I began my journey with the Rise of the Rest tour, a road trip designed to celebrate entrepreneurship across the U.S., in Omaha, Neb. I soon discovered that despite the struggles, entrepreneurs can succeed anywhere; they just need to know where to look and have confidence in their abilities.
When I landed in Omaha, I wasn’t sure what I’d encounter when I called a ride to my hotel. It’s getting trickier to call an Uber or Lyft at some airports, so I’d prepared myself for the worst. But since Uber drivers in this city can operate at the airport the process was simple and painless.
While I was impressed, my driver wasn’t. Soon enough he found out why I’d come to Omaha and wasted no time telling me that the city hadn’t done enough for him, that he was trying to build a business and had no support.
I felt for him, but knew that resources surrounded him. In fact, the very next day, I visited a makerspace in Lincoln, Neb. equipped with everything from kilns and quilting machines to 3-D printers. I met a startup called Hudle that helps athletes improve their performance — and one that’s proven it’s possible for a Nebraska company to snag more than $ 70 million in funding. These people were engaged and excited.
I was reminded of my Uber driver on my visit to Albuquerque. This was the first city where believing change was possible would be one of the most important barriers to real growth. There’s great innovation there, and I met people working on new technologies for producing clean water, along with those looking to make fuel cell technologies scalable.
But there are struggles, too. The city ranks nearly last in child well-being and one in five struggle with hunger. More often than not, educated professionals are leaving, not staying, in the state.
Some of the most notable innovators could have built in this city but didn’t. Microsoft was actually founded here — but pulled up stakes for Seattle. Tony Hseih, an Albuquerque native, is now an evangelist for revitalization, but in Las Vegas.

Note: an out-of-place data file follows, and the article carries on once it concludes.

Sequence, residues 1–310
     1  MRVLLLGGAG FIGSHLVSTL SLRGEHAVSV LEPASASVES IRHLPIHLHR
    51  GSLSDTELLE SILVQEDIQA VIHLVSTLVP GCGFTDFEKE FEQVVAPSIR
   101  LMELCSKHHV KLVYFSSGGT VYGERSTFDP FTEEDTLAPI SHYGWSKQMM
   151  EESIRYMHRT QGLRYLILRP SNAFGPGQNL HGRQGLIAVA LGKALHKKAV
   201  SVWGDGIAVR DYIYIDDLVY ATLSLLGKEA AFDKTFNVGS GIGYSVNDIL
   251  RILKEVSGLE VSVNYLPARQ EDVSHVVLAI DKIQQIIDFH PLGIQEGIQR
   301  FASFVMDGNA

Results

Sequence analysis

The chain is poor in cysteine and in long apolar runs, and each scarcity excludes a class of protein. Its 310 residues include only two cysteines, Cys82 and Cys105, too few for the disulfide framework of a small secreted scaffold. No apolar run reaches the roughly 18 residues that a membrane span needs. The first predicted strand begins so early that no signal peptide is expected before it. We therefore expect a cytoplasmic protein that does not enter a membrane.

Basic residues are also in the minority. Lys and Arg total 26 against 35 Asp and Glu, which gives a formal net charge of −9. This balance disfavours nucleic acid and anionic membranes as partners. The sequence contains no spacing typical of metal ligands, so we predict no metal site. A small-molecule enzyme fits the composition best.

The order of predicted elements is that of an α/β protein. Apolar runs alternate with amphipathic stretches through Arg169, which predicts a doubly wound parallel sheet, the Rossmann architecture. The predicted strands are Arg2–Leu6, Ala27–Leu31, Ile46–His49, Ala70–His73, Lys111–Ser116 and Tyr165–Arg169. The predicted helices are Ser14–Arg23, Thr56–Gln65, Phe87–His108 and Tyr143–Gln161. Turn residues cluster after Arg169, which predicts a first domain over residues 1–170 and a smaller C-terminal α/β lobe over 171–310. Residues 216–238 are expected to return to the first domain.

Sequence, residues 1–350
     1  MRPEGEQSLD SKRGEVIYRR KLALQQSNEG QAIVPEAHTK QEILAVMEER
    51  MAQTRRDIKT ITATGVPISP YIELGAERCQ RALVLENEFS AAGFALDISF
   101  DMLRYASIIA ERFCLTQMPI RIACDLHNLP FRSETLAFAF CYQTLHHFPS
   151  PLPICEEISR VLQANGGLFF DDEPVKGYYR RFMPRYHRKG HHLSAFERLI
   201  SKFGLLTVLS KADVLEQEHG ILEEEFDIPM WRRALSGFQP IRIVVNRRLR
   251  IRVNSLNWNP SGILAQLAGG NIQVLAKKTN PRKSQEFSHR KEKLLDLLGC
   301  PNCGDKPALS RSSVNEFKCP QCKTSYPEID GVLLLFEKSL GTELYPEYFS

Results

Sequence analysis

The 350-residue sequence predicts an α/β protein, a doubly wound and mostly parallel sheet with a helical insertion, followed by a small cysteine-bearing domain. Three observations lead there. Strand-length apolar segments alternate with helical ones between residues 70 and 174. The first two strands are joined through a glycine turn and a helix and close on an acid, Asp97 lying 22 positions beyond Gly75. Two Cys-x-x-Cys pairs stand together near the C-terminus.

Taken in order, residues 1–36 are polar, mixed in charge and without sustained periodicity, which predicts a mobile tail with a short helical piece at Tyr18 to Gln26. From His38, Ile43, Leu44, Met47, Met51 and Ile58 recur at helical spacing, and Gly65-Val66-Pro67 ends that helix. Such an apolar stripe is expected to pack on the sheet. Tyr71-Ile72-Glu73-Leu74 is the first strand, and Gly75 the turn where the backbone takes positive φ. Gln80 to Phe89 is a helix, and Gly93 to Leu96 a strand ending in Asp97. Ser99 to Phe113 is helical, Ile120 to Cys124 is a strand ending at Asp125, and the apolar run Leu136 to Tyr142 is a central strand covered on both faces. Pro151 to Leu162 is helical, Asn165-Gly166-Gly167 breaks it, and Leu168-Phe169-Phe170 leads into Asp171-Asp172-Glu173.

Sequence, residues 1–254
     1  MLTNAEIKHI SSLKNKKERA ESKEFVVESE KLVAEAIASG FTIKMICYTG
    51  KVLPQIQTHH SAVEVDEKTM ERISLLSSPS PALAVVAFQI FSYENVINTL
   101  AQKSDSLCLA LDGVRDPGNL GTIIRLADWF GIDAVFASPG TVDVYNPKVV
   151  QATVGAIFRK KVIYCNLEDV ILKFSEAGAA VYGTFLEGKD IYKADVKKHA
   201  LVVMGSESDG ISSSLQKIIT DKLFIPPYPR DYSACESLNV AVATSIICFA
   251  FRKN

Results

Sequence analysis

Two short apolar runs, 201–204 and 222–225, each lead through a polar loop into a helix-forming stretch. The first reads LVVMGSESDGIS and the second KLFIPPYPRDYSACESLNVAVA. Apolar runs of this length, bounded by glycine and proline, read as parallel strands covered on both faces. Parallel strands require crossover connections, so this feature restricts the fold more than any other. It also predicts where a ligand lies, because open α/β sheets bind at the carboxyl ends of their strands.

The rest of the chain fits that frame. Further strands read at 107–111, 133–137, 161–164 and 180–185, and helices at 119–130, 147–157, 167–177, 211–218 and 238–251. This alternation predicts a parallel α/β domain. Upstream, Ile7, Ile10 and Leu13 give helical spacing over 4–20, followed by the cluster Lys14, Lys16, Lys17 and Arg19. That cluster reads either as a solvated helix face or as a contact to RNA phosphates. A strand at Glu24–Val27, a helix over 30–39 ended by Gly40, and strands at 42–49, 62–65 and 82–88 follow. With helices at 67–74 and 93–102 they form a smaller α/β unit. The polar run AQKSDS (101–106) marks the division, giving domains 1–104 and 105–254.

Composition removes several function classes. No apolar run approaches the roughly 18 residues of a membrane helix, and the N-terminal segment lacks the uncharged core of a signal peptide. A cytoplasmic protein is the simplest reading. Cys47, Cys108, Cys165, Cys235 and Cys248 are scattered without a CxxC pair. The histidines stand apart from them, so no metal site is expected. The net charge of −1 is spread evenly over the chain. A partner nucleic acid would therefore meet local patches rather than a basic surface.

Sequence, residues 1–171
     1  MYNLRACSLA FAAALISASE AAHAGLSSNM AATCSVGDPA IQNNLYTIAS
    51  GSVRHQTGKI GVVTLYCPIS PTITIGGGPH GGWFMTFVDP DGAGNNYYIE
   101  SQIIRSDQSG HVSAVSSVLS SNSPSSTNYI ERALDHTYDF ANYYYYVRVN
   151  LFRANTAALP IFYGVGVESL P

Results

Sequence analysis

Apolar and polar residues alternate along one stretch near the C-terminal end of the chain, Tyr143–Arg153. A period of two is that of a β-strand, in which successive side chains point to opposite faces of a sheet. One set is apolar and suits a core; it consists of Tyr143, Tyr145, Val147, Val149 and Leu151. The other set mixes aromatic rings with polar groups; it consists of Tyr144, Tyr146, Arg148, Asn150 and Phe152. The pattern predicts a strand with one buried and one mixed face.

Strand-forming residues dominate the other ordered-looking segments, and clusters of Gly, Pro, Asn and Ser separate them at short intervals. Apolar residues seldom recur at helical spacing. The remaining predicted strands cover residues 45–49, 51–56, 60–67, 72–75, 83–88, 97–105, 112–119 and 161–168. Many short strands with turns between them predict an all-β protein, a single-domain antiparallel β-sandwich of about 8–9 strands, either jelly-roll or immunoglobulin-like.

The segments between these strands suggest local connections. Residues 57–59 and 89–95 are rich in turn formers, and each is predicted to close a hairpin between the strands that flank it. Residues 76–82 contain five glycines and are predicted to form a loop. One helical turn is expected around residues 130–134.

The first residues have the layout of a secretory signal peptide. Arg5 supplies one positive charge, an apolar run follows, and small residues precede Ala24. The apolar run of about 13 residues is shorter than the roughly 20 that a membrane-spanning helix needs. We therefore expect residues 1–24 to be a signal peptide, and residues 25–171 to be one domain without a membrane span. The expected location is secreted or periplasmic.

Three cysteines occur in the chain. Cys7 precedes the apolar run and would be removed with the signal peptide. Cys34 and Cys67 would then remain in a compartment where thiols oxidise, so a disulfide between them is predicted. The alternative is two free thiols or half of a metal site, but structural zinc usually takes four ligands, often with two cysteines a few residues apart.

But it takes faith, determination and hard work — to stay out of a negative feedback loop and believe a risk is worth taking. “People complain,” says Lisa Adkins, COO of the BioScience Center, the state’s only bioscience incubator and accelerator. “But I tell them I’m here. I’m committed.”
When it comes to confidence, some cities and entrepreneurs have much to learn from Silicon Valley. That’s not a place for the humble or unsure. “Do you focus on the negatives or the positives? This is where Silicon Valley really does lead the way. They are endlessly fearless,” says Steve Case, AOL co-founder and creator of the Rise of the Rest tour.
That confidence is essential to having the stamina to overcoming entrepreneurship’s hard road — and inspire a team to follow you. Adds Case, “Imagine: What if it did work? Imagine, if, instead of sitting on the sidelines skeptically thinking ‘I don’t know’ you leaned in and tried to help.”
Cities can build makerspaces and research labs, and officials can craft policy changes and tax laws, but that’s never enough to grow a business or a city. The most critical tool is confidence, and without that, nothing is possible.